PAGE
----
Songs such as "Heavy Metal", and the self titled track "Mama's Mustache" display the groups eclectic yet relatable style. At first blush, it’s rather easy to blow off Mama’s Mustache — a duo consisting of super producer David “Mr. DJ” Sheats and Jeffery “Jeff B” Bowden — as a sort of come-hither, schmaltzy duo attempting to raise an eyebrow or two. But dig deeper and you’ll likely be proven wrong. “Even before you know what Mama’s Mustache means, the name itself makes you smile,” says Mr.
DJ, the youngest cousin of legendary Organized Noise producer Rico Wade. “Jeff and I had the name of the group before we had the meaning.” So what exactly does Mama’s Mustache mean? “’Mama’ means every woman or every lady. ‘Mustache’ means a man, hence ‘mama's mustache,’” Jeff explains. “Every woman's man, or every lady’s boyfriend.” Mama’s Mustache is also a musical gateway into shared influences of funk, soul, rock and hip-hop.
Formed in 2008, Mama’s Mustache serves as an artistic coming-out-party for two-time Grammy winning sound wizard Mr. DJ, who is best known for making up one-third of the Outkast production trio Earthtone III and founding the Atlanta-based record company Camp David. DJ, who produced the hit tracks, “Ms. Jackson” (Outkast, 1999), “Black Ice” (Goodie Mob, 1998), “B.O.B.” (Outkast, 2000) and “A.D.I.D.A.S.” (Killer Mike, 2003) to name a few, hooked up with 31-year-old Jeff B — his future musical muse — in 2003.
“Funny thing is, me and DJ grew up around the same area, went to the same school, but we never really knew each other,” says Jeff, who graduated from Benjamin Banneker high school in the College Park section of Atlanta. The two officially met at a friend’s get-together in Atlanta and bonded over a friendly card game. “DJ just so happened had a beat CD on him,” Jeff remembers, “and I ended up going over to his house later on. The first time I went over there, we did a song.
It was a definite chemistry there.” A self-proclaimed socialite during this time, Jeff B was already highly-regarded around the city as a member of the successful ’90s R&B quartet Co-Ed, whose single “Roll With Me” — which featured a then widely unknown rapper named T.I. — grew into the most played independent record on Atlanta’s urban radio stations. Jeff eventually went on to work as a producer and songwriter for artists ranging from Destiny’s Child to Paris Hilton. After developing a solid kinship, the Jeff became DJ’s trusted production partner, lacing tracks such as the hit song “And I Love You” off Rich Boy’s eponymous debut album and “Changes” off Common’s 2008 effort Universal Mind Control.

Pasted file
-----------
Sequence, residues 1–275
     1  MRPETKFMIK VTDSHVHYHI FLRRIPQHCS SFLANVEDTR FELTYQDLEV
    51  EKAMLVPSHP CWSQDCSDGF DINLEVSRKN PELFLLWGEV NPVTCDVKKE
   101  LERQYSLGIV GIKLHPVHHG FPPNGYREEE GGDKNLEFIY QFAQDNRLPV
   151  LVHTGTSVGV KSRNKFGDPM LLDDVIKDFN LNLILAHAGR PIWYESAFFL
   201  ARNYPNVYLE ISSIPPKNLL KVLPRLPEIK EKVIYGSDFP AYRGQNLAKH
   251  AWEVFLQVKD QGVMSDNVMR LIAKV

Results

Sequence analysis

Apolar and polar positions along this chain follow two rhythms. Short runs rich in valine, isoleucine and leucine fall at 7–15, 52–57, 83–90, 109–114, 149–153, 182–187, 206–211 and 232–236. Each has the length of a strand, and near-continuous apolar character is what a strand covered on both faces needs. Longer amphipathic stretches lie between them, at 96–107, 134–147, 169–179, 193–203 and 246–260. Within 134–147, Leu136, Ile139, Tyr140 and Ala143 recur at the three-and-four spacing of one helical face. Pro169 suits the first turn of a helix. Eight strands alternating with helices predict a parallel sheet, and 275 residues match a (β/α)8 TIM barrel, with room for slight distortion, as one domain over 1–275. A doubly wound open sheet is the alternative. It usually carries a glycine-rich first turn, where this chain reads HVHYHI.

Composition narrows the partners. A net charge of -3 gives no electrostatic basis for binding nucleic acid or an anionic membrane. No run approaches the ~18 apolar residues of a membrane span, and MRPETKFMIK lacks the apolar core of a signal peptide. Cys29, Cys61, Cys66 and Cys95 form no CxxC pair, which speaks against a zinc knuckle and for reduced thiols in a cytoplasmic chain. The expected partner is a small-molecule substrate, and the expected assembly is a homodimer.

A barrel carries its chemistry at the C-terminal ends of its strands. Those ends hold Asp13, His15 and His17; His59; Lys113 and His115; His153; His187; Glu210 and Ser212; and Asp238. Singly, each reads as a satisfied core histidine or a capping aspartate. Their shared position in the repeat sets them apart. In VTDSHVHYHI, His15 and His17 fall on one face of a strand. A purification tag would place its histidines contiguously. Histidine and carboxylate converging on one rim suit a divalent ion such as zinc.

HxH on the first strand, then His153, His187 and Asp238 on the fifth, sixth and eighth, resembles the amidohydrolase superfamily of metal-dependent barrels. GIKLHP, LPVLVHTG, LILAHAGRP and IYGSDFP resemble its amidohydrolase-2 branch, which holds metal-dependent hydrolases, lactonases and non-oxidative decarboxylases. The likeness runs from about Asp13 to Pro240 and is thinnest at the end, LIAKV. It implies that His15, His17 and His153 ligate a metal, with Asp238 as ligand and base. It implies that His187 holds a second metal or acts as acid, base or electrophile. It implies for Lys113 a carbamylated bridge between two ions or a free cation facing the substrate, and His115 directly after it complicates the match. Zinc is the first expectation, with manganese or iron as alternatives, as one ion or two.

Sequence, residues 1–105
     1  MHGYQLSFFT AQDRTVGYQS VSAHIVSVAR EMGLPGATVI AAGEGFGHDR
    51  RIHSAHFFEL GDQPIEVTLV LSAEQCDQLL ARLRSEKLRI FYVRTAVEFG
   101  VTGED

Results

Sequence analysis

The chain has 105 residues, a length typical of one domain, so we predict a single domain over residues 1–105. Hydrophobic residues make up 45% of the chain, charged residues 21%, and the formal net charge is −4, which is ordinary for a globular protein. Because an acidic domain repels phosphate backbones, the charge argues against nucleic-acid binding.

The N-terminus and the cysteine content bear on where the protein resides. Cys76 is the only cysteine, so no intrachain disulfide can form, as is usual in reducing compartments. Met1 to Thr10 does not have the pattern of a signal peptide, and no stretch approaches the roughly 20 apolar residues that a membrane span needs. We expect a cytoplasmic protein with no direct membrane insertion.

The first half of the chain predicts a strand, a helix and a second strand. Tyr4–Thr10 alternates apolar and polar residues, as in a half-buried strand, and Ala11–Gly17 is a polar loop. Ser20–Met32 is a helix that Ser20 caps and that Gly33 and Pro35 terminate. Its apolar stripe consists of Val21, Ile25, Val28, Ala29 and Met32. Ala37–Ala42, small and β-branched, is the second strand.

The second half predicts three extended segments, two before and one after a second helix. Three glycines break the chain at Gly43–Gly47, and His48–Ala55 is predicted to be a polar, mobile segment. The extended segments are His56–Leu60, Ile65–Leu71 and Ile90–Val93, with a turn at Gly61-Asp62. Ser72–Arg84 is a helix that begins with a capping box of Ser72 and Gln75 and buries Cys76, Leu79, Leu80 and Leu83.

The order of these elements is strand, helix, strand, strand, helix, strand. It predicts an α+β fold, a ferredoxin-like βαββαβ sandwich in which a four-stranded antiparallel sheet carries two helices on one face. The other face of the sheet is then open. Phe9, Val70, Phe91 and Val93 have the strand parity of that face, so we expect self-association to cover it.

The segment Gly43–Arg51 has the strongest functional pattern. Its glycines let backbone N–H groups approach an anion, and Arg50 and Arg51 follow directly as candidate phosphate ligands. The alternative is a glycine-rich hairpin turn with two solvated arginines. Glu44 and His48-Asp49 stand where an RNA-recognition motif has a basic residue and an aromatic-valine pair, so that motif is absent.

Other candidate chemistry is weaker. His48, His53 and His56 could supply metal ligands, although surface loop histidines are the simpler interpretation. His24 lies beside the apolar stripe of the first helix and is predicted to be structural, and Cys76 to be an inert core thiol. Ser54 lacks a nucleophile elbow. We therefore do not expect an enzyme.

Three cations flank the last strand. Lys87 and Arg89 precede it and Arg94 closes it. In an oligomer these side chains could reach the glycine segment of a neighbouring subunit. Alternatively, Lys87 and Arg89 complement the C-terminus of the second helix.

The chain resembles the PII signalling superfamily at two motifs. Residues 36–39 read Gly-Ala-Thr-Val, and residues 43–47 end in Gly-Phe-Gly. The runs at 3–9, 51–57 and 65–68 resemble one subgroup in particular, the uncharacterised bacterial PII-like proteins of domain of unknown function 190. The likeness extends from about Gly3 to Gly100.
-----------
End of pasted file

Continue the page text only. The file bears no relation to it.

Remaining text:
Then one day, the two decided to form their own group in an organically conceived process. “Mama’s Mustache was more like a spiritual kind of movement,” DJ explains. But beyond spiritual, Mama’s Mustache speaks to current conditions in a dreary climate of financial distress and global worry. Described as a “pain pill,” the self-titled debut is a witty combination of singing and rhyming about intricate issues from relationships, to job-hunting, to letting your hair hang down.
The album is produced and performed entirely by DJ and Jeff. “DJ and I both pulled our rappers hat out,” Jeff says. “And rapping is something I never really considered. But if all the rappers are singing now, maybe it’s time for all the singers to start rapping.” And unlike their highly-successful peers Gnarls Barkley, Mama’s Mustache has no gimmick or marketing plan.
“Onstage, we’re going to look like how you see us everyday,” DJ says. “You’re going to be able to really relate to us through the music. You might see me playing the congas at live shows, the bells, and then Jeff might jump on the keys and start singing, or I might do the moonwalk.” Their first single, “Heavy Metal,” is a fiery, bass heavy pop track that gushes bluntly over the sensuality of a dime piece. The song’s contagious hook, “So fly!” could very well be talking about the song itself.
But for Mama’s Mustache, it could be talking about anything that the listener can sonically grab hold to. “A collaboration of feelings, thoughts, emotions, moments,” Jeff says. “Our perspective of life.” And that perspective beautifully creates an almost perfect duo. Read more on Last.fm.
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